The B.Q.E. panel later concluded the highway was deteriorating even faster, in part because of all the trucks exceeding the 40-ton federal weight limit. At the panel’s urging, two of the six lanes were eliminated last August, which has reduced vehicle traffic.

The Brooklyn Heights promenade overlooks the dilapidated highway.Credit…Christopher Lee for The New York Times

In 2018, city officials presented two options to rebuild the highway, which were rejected by critics, including Mr. Adams, then the Brooklyn borough president. One plan called for closing the Brooklyn Heights promenade for up to six years and erecting a temporary highway over it to redirect traffic while work occurred below.

Many of these critics envisioned a city with fewer cars and saw the B.Q.E. overhaul as an opportunity to do something about the worsening traffic that has choked neighborhoods with gridlock and pollution and made streets more dangerous for pedestrians and cyclists.

Counterproposals were floated. The City Council weighed in with an $11 billion plan to tear down the highway and replace it with a three-mile-long tunnel. Scott Stringer, the former city comptroller, proposed limiting part of the highway to trucks and converting another part into a two-mile-long park.

There will be no consensus on the B.Q.E., said Samuel I. Schwartz, a transportation engineer who has worked on the highway. He recommended that Mr. Adams and Ms. Hochul just set a deadline to come up with a new plan — and then move ahead with it over almost certain opposition.

“The city and state have to be together on this,” he said. “If they’re willing to commit to a decision one year from now, then it’s a good plan.”

Hazel Crampton-Hays, a spokeswoman for the governor, said, “The state is ready to support the city on the rehabilitation project, including by securing federal infrastructure funding.”

City officials said they will continue making necessary highway repairs, including some laid out in Mr. de Blasio’s 20-year plan. They have set aside $100 million for a dedicated contractor to make repairs identified by regular inspections. Sensors were also installed on the cantilever last year to monitor its vibrations and movements.

Next year, the city will begin rebuilding parts of two deteriorating bridge sections near Grace Court and Clark Street in Brooklyn, which will allow restrictions on trucks to be delayed until 2028. An automated ticketing system to enforce truck weight limits is to go into operation early next year.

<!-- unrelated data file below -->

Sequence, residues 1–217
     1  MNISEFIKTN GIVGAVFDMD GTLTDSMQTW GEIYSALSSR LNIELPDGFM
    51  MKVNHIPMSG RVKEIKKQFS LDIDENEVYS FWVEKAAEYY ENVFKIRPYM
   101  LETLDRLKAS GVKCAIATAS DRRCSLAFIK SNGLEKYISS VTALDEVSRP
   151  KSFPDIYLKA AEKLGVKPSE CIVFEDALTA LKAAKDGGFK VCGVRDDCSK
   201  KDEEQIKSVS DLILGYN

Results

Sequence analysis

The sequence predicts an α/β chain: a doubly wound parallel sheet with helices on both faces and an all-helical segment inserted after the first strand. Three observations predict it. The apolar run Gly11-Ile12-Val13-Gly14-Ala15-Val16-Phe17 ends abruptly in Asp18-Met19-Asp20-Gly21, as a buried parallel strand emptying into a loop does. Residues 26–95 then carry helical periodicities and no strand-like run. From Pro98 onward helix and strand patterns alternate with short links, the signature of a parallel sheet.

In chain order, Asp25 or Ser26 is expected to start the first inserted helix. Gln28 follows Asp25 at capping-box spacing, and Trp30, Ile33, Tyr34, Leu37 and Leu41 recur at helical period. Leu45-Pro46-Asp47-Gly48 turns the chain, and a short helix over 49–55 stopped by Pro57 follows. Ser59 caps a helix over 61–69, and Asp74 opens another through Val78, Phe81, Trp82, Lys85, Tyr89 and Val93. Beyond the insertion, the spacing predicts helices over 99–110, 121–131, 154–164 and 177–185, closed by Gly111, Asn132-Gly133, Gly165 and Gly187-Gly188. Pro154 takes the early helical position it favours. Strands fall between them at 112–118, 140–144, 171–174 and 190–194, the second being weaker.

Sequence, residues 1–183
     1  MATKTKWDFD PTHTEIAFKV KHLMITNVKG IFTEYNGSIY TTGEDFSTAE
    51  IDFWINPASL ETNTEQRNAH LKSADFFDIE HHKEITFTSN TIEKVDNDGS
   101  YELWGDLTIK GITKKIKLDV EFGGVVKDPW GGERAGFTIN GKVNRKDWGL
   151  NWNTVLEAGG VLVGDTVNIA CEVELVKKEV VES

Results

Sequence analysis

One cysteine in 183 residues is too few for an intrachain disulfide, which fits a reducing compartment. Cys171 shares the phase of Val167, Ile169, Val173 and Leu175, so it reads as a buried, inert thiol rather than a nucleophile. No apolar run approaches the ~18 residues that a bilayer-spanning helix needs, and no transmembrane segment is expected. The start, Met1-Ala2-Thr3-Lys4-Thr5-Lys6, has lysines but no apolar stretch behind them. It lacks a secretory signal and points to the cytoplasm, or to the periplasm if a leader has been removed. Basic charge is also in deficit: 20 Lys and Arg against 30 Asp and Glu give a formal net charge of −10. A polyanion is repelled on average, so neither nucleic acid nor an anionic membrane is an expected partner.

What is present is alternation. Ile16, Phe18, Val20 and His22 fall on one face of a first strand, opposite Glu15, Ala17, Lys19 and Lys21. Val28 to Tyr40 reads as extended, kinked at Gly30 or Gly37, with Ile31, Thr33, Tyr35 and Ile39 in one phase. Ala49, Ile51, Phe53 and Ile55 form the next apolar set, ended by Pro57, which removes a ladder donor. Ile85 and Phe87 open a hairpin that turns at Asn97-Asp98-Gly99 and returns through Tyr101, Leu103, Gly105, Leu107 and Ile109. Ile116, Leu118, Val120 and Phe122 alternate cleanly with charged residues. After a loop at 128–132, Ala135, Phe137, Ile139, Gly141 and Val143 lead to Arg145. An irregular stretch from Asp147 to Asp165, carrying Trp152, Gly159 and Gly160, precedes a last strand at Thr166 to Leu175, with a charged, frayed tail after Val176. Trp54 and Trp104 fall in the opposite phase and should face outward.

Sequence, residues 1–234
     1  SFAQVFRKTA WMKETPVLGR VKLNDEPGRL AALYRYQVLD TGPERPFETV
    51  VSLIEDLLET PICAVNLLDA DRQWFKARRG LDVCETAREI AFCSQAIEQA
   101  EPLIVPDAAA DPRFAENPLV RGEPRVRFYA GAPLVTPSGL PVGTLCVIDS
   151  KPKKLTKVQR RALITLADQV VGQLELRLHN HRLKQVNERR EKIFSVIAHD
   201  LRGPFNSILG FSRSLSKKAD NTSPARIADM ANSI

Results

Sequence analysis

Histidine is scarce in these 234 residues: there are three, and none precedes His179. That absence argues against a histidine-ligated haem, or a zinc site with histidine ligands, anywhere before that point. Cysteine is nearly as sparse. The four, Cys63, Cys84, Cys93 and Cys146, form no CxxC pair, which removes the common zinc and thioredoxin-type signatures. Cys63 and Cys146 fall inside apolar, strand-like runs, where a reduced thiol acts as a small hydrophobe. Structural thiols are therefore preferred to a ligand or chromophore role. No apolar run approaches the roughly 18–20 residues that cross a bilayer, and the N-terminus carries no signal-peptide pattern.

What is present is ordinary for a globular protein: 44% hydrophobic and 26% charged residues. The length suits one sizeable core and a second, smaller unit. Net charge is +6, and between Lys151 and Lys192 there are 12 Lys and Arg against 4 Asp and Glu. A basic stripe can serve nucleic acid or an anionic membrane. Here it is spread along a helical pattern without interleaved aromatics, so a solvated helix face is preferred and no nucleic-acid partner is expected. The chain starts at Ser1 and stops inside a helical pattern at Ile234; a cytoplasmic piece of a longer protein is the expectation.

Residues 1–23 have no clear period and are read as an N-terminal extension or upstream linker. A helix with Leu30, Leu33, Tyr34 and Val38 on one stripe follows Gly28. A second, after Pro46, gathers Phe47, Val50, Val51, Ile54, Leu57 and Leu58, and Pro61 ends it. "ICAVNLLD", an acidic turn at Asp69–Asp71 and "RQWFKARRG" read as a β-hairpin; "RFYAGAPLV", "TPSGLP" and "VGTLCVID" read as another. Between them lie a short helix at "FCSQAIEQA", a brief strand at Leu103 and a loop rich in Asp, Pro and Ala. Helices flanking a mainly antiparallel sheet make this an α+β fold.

Because Mr. Adams wants to initiate a more permanent fix to the B.Q.E. within five years and is committed to current expressway repairs, city officials said that longer-term repairs, like extensive work on bridge decks and joints, will no longer be necessary.

But in recent months, many community leaders and residents have grown increasingly frustrated and concerned over what they see as the city’s lack of transparency and urgency about the expressway.

Pia Scala-Zankel, a writer whose family’s brownstone in Brooklyn Heights overlooks a section of the expressway, said that she has not seen any repairs being made below her home over the past year. She has repeatedly asked the city transportation agency for an update on the repairs, but has heard nothing. “It’s like a slap in the face,” she said.

Mr. Restler, the city councilman, said that any B.Q.E. plan would require “a meaningful degree of community consensus,” given the complex governmental approvals and environmental reviews required. “No plan can be shoved down our throats by City Hall or anyone else,” he said.

Administration officials said they have been taking time to review the B.Q.E. project and will commence public meetings this month to work with the community on a new expedited plan.

Lara Birnback, the executive director of the Brooklyn Heights Association, a leading neighborhood voice, said that local residents and drivers would welcome a plan sooner rather than later, though she noted, “There are so many caveats and ifs there — all of the pieces would have to line up in the right way for that to be feasible.”

She added that many in the community hope the city will do more than simply patch up the aging highway.

“We’ve moved beyond that,” she said. “People would be upset not to see something more transformative, more green and more 21st century.”